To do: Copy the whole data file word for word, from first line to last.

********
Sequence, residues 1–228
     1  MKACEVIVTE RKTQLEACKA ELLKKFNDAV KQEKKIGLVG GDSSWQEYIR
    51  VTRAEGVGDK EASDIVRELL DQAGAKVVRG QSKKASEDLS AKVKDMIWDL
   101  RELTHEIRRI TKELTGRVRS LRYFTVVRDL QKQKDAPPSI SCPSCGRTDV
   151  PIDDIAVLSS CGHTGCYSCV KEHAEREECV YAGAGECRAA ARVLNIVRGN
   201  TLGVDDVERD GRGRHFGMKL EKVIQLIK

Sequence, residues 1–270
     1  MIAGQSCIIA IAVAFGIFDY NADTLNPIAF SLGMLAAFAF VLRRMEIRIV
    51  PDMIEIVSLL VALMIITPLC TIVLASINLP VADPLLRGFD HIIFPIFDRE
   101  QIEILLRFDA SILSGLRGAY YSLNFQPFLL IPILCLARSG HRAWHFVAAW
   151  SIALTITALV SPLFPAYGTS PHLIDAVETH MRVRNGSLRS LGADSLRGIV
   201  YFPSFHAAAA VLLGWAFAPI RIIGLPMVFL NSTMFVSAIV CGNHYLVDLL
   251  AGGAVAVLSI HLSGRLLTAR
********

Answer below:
Sequence, residues 1–228
     1  MKACEVIVTE RKTQLEACKA ELLKKFNDAV KQEKKIGLVG GDSSWQEYIR
    51  VTRAEGVGDK EASDIVRELL DQAGAKVVRG QSKKASEDLS AKVKDMIWDL
   101  RELTHEIRRI TKELTGRVRS LRYFTVVRDL QKQKDAPPSI SCPSCGRTDV
   151  PIDDIAVLSS CGHTGCYSCV KEHAEREECV YAGAGECRAA ARVLNIVRGN
   201  TLGVDDVERD GRGRHFGMKL EKVIQLIK

Sequence, residues 1–270
     1  MIAGQSCIIA IAVAFGIFDY NADTLNPIAF SLGMLAAFAF VLRRMEIRIV
    51  PDMIEIVSLL VALMIITPLC TIVLASINLP VADPLLRGFD HIIFPIFDRE
   101  QIEILLRFDA SILSGLRGAY YSLNFQPFLL IPILCLARSG HRAWHFVAAW
   151  SIALTITALV SPLFPAYGTS PHLIDAVETH MRVRNGSLRS LGADSLRGIV
   201  YFPSFHAAAA VLLGWAFAPI RIIGLPMVFL NSTMFVSAIV CGNHYLVDLL
   251  AGGAVAVLSI HLSGRLLTAR